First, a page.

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Small lot amnesty excepted from sub-district ordinance

Monday, July 22, 2002 by

The City Council last week approved a plan to allow future neighborhood planning teams to create subdistricts within their planning areas with varying guidelines for development. Members of the Upper Boggy Creek and Central East planning teams first requested the additional flexibility last year. (See In Fact Daily, Oct. 9, 2001. ) The Planning Commission supported that request.

Neighborhood planning teams had expressed frustration that the size of the city-defined planning areas resulted in neighborhoods with dramatically different characteristics being grouped together for planning purposes. Because of the size and diversity of the areas, some neighborhoods would welcome infill development such as cottage homes or secondary apartments, but other neighborhoods in the same planning area would reject such provisions. That conflict could mean the entire area would be denied some infill options. “We found that the infill items did not all fit, depending on the character of the individual neighborhoods,” said Stephen Kreger of the Upper Boggy Creek Planning Team. “We shouldn’t have to force infill options on areas that don’t want or need them.”

City staff recommended against subdistricts on the grounds that they could be used to exclude or restrict urban infill instead of promoting it. “The current interpretation of infill options promotes housing opportunities for a range of incomes throughout the city,” said Sue Hounsel with the Neighborhood Planning and Zoning Department. “Subdistricts may limit Smart Housing opportunities in some areas of the city.”

But given the desire of the Planning Commission, neighborhoods, and some Council members to allow the subdistricts, staff also prepared an alternate recommendation for putting them into place. Staff suggested that subdistricts be allowed for urban home, cottage lot, secondary apartment and corner store development. However, staff recommended against creating subdistricts specifically allowing small-lot amnesty.

While the Planning Commission had suggested allowing districts flexibility in developing lots smaller than the minimum size required by the Land Development Code, staff suggested that provision continue to be decided on an area-wide basis. “We think small-lot amnesty is unique, because there is a fixed number of existing lots and really we would be making those legal again,” said Hounsel. Council Member Will Wynn supported the staff’s position. “By not having small-lot amnesty as part of the subdistrict, it re-legalizes existing lots,” he said. Creating small-lot amnesty subdistricts, Wynn said, could result in some inequities. “Some folks’ lots will be re-legalized and others won’t be. I think, across the board, we need to make these prior legal lots legal again for a single-family home to be built on them.”

There are numerous lots in East Austin, as well as some in other parts of town, that either have homes on them or could have small homes but for their size. Under the amnesty, minimum lot size is reduced to 2,500 square feet and the width is reduced to 25 feet. Lots of 3,500 square feet or less are allowed to have 65 percent impervious cover—considerably more than larger lots.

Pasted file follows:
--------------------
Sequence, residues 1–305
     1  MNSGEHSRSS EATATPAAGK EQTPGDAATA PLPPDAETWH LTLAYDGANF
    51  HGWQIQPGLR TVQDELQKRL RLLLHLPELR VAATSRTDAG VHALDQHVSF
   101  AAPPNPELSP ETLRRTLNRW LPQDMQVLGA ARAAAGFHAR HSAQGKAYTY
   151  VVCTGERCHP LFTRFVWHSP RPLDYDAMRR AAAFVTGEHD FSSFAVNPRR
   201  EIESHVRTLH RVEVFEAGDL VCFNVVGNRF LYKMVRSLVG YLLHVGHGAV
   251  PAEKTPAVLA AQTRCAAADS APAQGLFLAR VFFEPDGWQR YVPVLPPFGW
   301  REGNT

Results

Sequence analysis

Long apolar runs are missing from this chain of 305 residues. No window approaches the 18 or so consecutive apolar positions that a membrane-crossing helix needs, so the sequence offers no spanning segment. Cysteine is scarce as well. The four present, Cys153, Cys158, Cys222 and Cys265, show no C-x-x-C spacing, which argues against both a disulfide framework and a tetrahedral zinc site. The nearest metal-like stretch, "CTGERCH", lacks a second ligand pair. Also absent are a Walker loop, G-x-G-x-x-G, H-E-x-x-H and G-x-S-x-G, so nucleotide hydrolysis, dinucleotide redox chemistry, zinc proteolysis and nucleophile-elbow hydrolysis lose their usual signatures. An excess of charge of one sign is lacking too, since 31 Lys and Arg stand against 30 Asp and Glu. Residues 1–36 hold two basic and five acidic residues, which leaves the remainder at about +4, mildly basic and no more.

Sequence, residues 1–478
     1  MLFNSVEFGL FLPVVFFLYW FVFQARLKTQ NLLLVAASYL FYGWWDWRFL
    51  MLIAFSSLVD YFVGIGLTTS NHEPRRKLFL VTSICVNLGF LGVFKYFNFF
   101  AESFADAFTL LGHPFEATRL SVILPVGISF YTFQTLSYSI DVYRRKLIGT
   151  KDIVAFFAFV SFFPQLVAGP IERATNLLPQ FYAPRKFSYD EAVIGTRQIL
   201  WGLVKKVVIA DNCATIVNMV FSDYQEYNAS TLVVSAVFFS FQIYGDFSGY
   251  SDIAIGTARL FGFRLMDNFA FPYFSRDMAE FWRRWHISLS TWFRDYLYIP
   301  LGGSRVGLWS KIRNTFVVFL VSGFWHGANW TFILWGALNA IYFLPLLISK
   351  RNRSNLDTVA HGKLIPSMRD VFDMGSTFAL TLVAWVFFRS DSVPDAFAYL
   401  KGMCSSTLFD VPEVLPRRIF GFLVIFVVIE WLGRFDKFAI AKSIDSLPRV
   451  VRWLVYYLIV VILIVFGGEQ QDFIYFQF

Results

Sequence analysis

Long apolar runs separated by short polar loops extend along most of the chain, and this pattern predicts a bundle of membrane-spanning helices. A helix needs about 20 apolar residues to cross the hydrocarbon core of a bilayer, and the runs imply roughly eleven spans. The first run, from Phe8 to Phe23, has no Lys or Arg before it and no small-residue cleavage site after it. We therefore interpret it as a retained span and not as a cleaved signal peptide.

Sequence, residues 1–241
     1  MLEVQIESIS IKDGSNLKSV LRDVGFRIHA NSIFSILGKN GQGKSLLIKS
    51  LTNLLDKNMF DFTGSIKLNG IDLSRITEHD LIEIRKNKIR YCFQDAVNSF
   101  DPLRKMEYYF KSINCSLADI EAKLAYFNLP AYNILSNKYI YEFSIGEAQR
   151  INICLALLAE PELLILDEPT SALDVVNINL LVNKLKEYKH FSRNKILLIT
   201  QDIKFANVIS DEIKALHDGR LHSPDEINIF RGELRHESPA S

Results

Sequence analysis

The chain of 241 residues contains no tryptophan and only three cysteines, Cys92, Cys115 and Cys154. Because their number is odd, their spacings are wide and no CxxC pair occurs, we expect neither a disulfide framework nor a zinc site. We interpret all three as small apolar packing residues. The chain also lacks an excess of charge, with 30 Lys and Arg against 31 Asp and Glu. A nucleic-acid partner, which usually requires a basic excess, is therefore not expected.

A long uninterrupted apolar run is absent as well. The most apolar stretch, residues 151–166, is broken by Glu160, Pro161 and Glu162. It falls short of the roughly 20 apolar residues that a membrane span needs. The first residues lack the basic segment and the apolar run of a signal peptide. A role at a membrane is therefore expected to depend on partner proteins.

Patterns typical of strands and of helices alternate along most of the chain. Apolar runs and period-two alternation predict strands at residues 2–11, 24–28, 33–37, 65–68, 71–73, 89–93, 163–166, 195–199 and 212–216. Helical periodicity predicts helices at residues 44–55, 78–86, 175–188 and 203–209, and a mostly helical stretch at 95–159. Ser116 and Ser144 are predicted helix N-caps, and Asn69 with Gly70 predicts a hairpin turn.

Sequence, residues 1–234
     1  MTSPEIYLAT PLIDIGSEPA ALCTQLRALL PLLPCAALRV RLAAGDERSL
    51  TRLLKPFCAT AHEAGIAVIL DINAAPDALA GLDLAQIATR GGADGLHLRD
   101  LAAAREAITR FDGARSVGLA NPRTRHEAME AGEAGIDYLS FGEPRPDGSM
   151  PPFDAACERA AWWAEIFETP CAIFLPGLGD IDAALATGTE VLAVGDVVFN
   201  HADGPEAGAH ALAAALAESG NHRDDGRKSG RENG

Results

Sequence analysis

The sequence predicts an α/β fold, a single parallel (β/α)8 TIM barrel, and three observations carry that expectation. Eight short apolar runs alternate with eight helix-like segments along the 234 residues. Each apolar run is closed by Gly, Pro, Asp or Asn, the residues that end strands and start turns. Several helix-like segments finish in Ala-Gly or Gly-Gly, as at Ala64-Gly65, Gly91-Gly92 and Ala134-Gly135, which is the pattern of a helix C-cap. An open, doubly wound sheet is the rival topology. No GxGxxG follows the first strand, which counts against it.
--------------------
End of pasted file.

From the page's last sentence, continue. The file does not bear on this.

The Council voted 7-0 to approve the staff’s alternate recommendation. That means neighborhoods still working on their plans can begin to create subdistricts. The Council will consider procedures in the future to allow existing neighborhood plans to be modified by subdistricts.

BookPeople owner says he will fight request for variance

The Sixth + Lamar project should be granted its height variance, the Downtown Commission agreed last week in a resolution to be forwarded to the Board of Adjustment. The project was first intended to be a large retail center with a Target and a movie theater but is now destined to become home to the new headquarters for Whole Foods .

The developers of Sixth + Lamar are seeking to increase the height of their seven-story building by 10 feet. The developer is seeking the variance because of the slope of the site, which is 17 feet from Lamar to Bowie. The Board of Adjustment is scheduled to vote on the variance at its next meeting. (See In Fact Daily July 11, 2001. ) Commissioner Perry Lorenz, the developer of the neighboring Nokonah high-rise, made the motion that all commissioners except Teresa Ferguson supported.

“I don’t think the difference between a 120-foot building and a 130-foot building is statistically significant,” Lorenz said. “I’m not going to be opposed to a building just because it’s tall.”

That didn’t mean the commissioners were equally pleased with the mix of tenants on the site. A number of commissioners wanted developer David Vitanza to assure them he would pursue a mix of both local and national tenants, given the unique character of the neighborhood surrounding Sixth and Lamar. Vitanza said he was committed to local tenants on the property and intended to protect independent booksellers like Book People—despite inviting in national chain book and music seller Borders.

When it came down to a vote, though, Chair Chris Riley limited the motion to the request of the developer, which was to take a position on the variance. That was enough to gain the support of all commissioners but Willenzik, who was opposed to the large project pushing out local retail.